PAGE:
desktop Configuration: that’s where things started getting buggy. I tried changing the desktop wallpaper, and when I changed it… nothing happened. Then I tried again… and the window crashed. hmmm? Anyway, thinking it was a KDE4 glitch… or a bug… I thought about reporting it… but I had to register as a new user and I wasn’t in the mood to do that… so I went to the KDE 3.5 session. and tried changing the desktop wallpaper there… and even there I had some problems, but I was able to change to one of the default pictures. I had tried installing my own picture… using firefox images right click set as desktop, but that didn’t work.
multimedia codecs: I then did the one-click install for all the multimedia codecs… and hoped I would be able to watch avi files. I wasn’t. I then had to install VLC player to view the avi files I had. Anyway… I didn’t want to get too picky… so I went to sleep with an imperfectly configured openSUSE. (ps I was able to go back to windows, as the grub recognised the windows booting).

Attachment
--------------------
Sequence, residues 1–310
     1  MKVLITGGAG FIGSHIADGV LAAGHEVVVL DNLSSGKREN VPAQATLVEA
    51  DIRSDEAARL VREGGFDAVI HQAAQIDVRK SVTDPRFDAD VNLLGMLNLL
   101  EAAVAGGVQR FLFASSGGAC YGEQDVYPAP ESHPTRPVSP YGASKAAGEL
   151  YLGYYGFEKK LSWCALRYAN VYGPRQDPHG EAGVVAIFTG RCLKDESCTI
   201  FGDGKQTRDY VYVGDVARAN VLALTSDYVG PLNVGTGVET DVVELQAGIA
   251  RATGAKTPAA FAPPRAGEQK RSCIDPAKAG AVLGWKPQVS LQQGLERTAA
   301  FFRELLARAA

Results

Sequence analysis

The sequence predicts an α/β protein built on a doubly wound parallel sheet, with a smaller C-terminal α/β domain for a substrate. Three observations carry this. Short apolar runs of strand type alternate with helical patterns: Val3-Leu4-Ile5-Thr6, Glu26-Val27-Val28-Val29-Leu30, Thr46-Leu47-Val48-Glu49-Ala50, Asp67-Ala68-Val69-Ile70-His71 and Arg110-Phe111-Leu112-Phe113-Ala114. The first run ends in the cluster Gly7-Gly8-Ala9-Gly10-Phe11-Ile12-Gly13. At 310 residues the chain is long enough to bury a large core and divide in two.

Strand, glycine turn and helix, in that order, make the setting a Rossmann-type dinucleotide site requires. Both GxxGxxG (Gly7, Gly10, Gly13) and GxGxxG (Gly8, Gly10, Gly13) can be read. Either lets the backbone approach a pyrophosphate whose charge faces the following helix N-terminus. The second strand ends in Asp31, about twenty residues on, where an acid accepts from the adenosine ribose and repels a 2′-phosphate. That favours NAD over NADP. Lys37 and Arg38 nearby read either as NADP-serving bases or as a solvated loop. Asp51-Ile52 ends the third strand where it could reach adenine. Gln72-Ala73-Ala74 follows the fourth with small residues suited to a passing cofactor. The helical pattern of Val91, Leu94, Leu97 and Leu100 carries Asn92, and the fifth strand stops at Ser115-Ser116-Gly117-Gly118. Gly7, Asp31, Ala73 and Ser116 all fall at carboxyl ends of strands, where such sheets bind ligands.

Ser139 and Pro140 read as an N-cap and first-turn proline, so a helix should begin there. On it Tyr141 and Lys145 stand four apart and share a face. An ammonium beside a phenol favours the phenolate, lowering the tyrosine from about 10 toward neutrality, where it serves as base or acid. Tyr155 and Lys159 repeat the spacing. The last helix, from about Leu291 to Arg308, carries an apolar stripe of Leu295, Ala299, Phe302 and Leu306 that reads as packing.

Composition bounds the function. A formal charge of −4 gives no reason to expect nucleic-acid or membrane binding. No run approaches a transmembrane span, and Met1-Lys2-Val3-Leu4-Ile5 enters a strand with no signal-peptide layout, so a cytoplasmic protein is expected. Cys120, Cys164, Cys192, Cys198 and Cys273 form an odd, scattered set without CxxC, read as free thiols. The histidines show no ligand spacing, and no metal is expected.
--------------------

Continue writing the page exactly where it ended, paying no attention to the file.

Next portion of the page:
The next day…
Boot configuration: the next day I started by configuring the boot… because I wanted to make windows the default. using YAST. Then I restarted and…
BAAM… no operating system! whaat?
I restarted again, and again, no operating system.
I was not concerned, thinking that perhaps the GRUB got messed up, so I tried to repair install using my openSUSE dvd. But when I tried fixing the GRUB, the entire C drive partition was unrecognisable. I wasn’t able to use or mount it. Hmmm.
Another try: I was a little concerned (though not that much because I had my important files backed up, but I didn’t have everything backed up, and I DIDN’T want to do a fresh Windows install because I would lose some preloading programmes). Still… I thought of a workaround. I tried using Ubuntu 8.04 to install and get Windows back… but even there the C drive was unregnisable. (I didn’t install Ubuntu as a result)